Self-Immolative Polyferrocene for Tumor Treatment

Self-Immolative Polyferrocene for Tumor Treatment

Author: Angewandte Chemie

Antitumor agents must kill off cancer cells while protecting healthy tissue and having no toxic side-effects. A novel approach based on “self-immolative” polyferrocenes—copolymers that split apart into their components as soon as they enter a tumor cell—could meet these demands. The drugs they hold then synergistically cause an abrupt increase in free radicals and incapacitate the defenses of tumor cells.


Self-Assembly of Self-Immolative Amphiphilic Poly(ferrocenes), BPnbs-Fc

Xianglong Hu and Shiyong Liu, University of Science and Technology of China, Hefei, China, and colleagues have incorporated two synergistically cooperative molecules together into a copolymer. The copolymer chains are hydrophobic at one end and hydrophilic at the other. In aqueous environments, they aggregate into nanoparticles in which the hydrophobic ends are all pointed toward the inside and the outer, hydrophilic portions, are shielded by polyethylene glycol moieties.

Polyethylene glycol is a nontoxic polymer that is widely used in cosmetics and pharmaceuticals. The polyethylene glycol layer prevents the nanoparticles from being rapidly broken up in the blood by components of the immune system.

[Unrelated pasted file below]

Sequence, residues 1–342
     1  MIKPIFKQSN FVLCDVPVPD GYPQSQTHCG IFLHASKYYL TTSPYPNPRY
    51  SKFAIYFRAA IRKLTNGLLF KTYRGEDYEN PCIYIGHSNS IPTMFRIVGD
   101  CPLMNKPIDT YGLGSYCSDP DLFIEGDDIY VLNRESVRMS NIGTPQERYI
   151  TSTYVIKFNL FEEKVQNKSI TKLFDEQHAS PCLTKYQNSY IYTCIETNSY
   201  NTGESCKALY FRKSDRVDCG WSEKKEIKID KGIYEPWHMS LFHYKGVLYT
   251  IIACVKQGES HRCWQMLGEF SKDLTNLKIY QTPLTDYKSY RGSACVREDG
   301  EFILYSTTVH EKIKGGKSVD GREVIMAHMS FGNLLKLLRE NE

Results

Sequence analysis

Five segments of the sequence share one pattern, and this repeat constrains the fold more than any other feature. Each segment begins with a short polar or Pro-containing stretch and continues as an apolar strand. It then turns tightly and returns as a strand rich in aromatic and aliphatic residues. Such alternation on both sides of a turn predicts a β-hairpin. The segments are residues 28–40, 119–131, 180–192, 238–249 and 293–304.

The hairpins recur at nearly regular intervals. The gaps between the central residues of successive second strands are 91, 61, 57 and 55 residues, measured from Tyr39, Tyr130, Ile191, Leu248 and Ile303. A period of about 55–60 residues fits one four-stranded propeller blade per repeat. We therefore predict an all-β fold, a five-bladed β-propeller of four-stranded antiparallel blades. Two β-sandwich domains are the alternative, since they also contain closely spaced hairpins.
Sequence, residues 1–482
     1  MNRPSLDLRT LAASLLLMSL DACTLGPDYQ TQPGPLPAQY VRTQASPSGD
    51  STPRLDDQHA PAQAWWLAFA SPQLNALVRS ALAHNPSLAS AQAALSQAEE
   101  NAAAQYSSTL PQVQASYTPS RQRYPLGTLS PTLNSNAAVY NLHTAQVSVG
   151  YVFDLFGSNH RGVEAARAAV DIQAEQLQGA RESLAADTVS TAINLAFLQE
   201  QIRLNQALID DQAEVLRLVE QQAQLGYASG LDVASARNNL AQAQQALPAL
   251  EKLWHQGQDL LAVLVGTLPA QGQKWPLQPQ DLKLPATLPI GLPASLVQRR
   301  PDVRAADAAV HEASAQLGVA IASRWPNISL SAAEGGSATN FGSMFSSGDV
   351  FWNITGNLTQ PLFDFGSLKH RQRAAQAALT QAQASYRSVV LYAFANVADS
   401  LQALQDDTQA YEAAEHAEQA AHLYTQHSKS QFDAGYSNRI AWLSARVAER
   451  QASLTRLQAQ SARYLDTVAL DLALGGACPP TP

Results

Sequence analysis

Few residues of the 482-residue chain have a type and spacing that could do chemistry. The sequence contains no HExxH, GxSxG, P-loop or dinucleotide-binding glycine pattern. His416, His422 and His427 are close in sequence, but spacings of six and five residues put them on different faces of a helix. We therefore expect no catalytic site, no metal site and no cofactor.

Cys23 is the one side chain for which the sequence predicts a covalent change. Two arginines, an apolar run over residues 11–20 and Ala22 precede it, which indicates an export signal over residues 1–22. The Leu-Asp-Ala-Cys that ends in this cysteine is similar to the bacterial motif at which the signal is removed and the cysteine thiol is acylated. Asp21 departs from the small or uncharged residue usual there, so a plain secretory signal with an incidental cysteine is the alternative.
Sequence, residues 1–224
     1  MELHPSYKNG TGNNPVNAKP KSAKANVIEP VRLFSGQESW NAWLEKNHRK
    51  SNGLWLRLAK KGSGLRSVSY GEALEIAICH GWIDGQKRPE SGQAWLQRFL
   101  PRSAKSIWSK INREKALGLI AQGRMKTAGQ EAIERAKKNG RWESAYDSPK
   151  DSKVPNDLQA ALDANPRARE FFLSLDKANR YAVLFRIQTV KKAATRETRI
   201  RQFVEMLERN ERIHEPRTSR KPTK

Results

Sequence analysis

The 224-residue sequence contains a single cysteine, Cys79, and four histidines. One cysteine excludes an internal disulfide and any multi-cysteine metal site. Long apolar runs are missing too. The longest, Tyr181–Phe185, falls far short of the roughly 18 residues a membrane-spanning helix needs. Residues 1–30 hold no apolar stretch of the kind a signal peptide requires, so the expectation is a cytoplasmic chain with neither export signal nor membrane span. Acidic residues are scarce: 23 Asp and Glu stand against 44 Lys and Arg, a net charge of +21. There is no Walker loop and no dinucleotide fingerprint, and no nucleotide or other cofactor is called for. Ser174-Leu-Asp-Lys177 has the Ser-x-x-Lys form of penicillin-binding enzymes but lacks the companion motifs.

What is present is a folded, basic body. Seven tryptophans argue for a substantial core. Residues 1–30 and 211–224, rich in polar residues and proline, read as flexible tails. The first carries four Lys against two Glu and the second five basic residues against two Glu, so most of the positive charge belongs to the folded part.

In healthy tissues, the nanoparticles remain intact and inactive. Only the significantly more acidic environment of tumor cells triggers the process of “self-immolation” (pictured above). The particles fall apart and the hydrophobic ends of the polymer chains split apart into their individual building blocks. These are made from azaquinone methide (AQM) units carrying aminoferrocene sidechains.


Application of Drug-Free Amphiphilic Poly(ferrocenes)

Within the tumor cells, glutathione is subsequently activated. Glutathione is a free radical trap and antioxidant that helps to remove foreign substances from cells. Glutathione attacks the azaquinone methide units, binds to them, and splits off the iron sandwiches. Once released, this complex reacts with hydrogen peroxide present in the cells to form hydroxyl radicals (•OH).

In this process the divalent iron in the complex is oxidized to trivalent iron, which the glutathione reduces back to FeII—a fatal cycle that consumes the glutathione and abruptly produces a high concentration of hydroxyl radicals in the cell. The synergy of these two processes puts the tumor cells under severe oxidative stress, which damages and kills them.

Experiments performed by the team both in vitro and in mice with tumors demonstrated that this efficiently inhibited tumor growth with negligible side-effects. According to the researchers, this approach could allow for new possibilities in the chemodynamic therapy (CDT) of tumors.



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